Online-exclusive questions

What actions do you think community banks must take in 2020/21 to win customers of all ages?

Wilcox: Community banks must be actively engaged in their communities and with their state and federal legislative delegations. They should recognize that community banking is a wonderful fit for the younger generations, not just as customers but particularly as the future leaders of community banking.

Fisher: We need to be adaptive to each generation’s needs. Let’s face it, today, all of our customers want to do their banking when and where it is convenient for them. For our younger generations, especially this new Alpha Generation, who never knew a time without tech, that means providing them with quick, tech-driven, mobile options. They need everything a click away. However, as our bank has experienced, many of our customers still enjoy coming into our offices to see their favorite customer service representative and grab a cup of coffee. Overall, we need to be able to provide all the access points with high-tech and high-touch solutions. The ICBA ThinkTECH Accelerator is an invaluable tool to help us find some of these new solutions.

Bolton: Technology is the key to success and sustainability. It can also be the great equalizer between larger banks and smaller banks. Community banks will need to continue improving the way banking is delivered to and interacted with by customers. All things mobile must be the goal while maintaining the relationship model that defines our industry. This will be a delicate balance; offering modern technology to on-demand customers, while preserving the attentive, accessible relationships that our customers expect.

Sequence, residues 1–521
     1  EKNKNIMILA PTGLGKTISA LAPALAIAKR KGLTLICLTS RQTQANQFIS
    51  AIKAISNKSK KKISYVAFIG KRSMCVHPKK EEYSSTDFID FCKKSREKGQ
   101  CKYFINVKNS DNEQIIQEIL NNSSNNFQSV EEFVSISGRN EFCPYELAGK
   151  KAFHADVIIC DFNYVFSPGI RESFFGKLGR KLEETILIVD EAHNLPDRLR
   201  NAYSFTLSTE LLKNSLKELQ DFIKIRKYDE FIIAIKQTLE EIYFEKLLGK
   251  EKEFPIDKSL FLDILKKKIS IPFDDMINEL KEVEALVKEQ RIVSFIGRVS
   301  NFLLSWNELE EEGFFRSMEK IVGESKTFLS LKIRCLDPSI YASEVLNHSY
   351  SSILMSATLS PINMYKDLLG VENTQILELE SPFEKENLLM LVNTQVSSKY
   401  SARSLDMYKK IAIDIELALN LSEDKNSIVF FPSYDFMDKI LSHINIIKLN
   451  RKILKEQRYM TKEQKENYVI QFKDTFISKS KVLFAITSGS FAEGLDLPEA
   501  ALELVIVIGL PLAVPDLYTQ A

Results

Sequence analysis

Deckard: As an industry, we need to continue our involvement in the fintech space and collaborate with partners providing the most convenient access to our products and services. We also need to identify, hire, retain and develop the next generation of community bankers in all areas of the bank, including long-term management succession committed to remaining independent.

Frazier: Access to information using an internet-connected device has dramatically changed how consumers are making purchasing decisions. Convenience, certainty and reviews all play key roles in those decisions. Having a digital banking and payments strategy that addresses those three elements of decision making will go a long way in ensuring community banks are relevant today and in the future. Along with a digital banking and payments strategy should be a digital marketing strategy that incorporates an ability to encourage customer reviews digitally. Community banks hold the highest ratings in customer service, and our customers are our biggest advocates. Digital reviews are the modern word-of-mouth reputation. Now more than ever, community banks have access to affordable and deployable technologies that support such initiatives.

Kennedy: We must embrace technology at every reasonable opportunity but not lose sight of our greatest asset: our ability to relate to all our customers genuinely, personally and face to face.

Zimmerman: This revolves around technology, local focus and service. The community bank mission fits perfectly with today’s younger consumer: straightforward, honest, locally focused, and high tech and high touch. We just need to find effective ways to reach younger customers and tell our story.

Heitkamp: We need to be able to offer the full digital experience to our customers. We must be able to serve the younger generation with their technology expectations and continue to serve the older generation with the personal touch that they expect. I refer to this often as “traditional banking with a modern twist”. I believe we can offer both of these experiences and do it exceptionally.

Hartings: Community bankers know their customers and are great with high-touch customer service. We need to meld that with high tech. I am so excited by the ICBA ThinkTECH Accelerator; this is a game changer with the high-tech customer experience solutions that are being developed. There is not one solution that fits all, but all community bankers need to embrace technology to level the playing field and remain relevant.

 

What’s your elevator pitch for why a strong community banking industry is so important?